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The Daily Dispatch: February 17, 1862., [Electronic resource] 14 0 Browse Search
The Daily Dispatch: September 3, 1861., [Electronic resource] 6 0 Browse Search
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perish with the cold, nor send me even a pair of woolen socks, or woolen shirts, or blankets" But such is not the heart of Virginia or the South. The people will strip their beds rather than the supply shall be wanting, knowing they still have shelter and a fire to warm them. And the soldier never murmurs, but fights on and endures on, knowing they think, and provide, and pray for him at home. October is meet here — it is not money that is called for particularly in this case. Lincoln's ships, by their blockade, keep out the old supplies of flannels and cloth, and our manufacturing establishments are too limited yet no supply at once the vast demand which has been filled from the North hitherto. It is wool we want. Wool spun and knit into socks and wove into blankets and flannel. Are the looms gone to pieces? make new ones. The time is ample if we commence right away and, if each lady will do her part to work up the wool, and looms are plenty, all will be in abundan
From the way things are going on in Lincoln a dominions we suppose it will soon be fine and imprisonment to say "Ball Run," and a hanging matter to mention the Fairfax Races.
Miscellaneous items. Mrs. Thos. G. Warrington was arrested in Baltimore on Wednesday Lincoln's spies, and taken to Fort McHenry, where her baggage was examined and her person searched, after which she was discharged. Great business, truly. The Wheeling (Va.) Intelligencer states that the excitement Cumberland, Md., has subsided and that Senator McKaig, the editor of the Alleghenian, the proprietor of the Revere House, and three others, were arrested to save them from the fury of the mob. They were taken to Graf of Va. Colonel Pegram, of the Confederate army, who surrendered with his command to Gen. McClellan of Beverly, arrived in Baltimore recently. He was upon parole, to report himself at Fort McHenry whenever be thought his health went admit of it. He visited Fort McHenry on Monday last, and was immediately assigned to quarters, where he is closely confined. The provost guard at Washington are now overhauling honkies in uniform, and are determined to break up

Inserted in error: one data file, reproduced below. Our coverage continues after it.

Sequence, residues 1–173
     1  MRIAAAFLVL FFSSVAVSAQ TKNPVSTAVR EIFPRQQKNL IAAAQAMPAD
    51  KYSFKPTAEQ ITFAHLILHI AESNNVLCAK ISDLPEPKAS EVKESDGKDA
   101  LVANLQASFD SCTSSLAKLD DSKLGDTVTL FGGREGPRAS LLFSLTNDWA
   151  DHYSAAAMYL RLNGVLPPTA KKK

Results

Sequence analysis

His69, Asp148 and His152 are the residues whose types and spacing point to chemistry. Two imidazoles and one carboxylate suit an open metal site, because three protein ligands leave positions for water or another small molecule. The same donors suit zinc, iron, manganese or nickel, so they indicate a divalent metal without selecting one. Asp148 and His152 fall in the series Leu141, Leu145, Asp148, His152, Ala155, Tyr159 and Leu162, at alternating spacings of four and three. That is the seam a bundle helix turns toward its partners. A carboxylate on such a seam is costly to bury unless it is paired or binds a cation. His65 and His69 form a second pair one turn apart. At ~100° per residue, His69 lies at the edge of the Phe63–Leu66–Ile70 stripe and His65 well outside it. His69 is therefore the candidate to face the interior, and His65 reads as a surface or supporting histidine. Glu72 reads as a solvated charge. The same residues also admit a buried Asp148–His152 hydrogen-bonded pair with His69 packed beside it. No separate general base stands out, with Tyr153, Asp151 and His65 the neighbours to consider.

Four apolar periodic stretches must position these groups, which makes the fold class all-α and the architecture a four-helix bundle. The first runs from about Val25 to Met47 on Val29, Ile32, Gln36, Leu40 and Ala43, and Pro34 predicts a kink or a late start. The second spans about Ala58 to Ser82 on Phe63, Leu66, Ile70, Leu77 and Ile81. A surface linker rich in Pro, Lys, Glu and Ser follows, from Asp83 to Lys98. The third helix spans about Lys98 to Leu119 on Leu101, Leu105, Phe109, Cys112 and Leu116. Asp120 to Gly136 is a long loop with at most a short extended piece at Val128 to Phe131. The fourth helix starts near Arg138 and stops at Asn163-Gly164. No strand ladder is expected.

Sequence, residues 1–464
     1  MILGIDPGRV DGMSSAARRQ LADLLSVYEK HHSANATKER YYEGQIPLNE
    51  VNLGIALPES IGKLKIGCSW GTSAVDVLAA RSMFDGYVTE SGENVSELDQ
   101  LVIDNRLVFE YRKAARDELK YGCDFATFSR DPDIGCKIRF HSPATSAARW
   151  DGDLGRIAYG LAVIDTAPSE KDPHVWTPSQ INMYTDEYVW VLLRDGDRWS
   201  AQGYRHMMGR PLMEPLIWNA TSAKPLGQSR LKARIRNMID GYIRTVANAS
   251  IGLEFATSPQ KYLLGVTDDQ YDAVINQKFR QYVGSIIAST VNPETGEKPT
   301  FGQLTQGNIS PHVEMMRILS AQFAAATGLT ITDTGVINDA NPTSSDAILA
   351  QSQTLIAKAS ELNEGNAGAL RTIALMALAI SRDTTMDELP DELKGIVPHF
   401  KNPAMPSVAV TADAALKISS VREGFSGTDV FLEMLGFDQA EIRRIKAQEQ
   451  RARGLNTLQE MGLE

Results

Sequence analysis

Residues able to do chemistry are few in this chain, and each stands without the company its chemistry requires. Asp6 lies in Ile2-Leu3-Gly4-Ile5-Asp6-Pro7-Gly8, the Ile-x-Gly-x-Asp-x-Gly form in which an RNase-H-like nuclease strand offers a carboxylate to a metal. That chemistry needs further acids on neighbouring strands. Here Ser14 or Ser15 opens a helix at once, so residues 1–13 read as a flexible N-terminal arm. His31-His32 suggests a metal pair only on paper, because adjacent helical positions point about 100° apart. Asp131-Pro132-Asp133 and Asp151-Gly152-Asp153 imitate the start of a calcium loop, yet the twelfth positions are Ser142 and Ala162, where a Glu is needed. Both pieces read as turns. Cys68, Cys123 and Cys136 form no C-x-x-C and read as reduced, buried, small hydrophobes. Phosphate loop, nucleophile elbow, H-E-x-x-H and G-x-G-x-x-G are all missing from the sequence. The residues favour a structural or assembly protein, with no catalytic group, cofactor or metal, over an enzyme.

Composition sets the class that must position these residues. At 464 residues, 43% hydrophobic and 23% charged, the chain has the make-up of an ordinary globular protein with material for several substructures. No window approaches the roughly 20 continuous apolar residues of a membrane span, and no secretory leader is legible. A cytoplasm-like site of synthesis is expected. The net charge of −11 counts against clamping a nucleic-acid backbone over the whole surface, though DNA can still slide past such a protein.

high water of the Tennessee river, which was running almost into the fort, and threatening hourly to inundate it, thus making it a "slaughter pen" for the shells of the enemy, whose boats could take a position to completely command it. The location of this fort was unfortunately made during the period of Kentucky neutrality, when the President of the Confederate States and the Governor of Tennessee felt bound to scrupulously respect the position of our sister State, and before the forces of Lincoln had begun to make camping grounds of its soil. Under these circumstances, it was found necessary by the engineer who located it, to refrain from occupying an eminence on the opposite bank of the river, which lies in the State of Kentucky, and which commands the fort.--It was deemed, however, sufficiently strong to resist any force which might probably be brought against it by the enemy by water, the Lincoln Government not having then devised the system of iron clad gun fleets which it has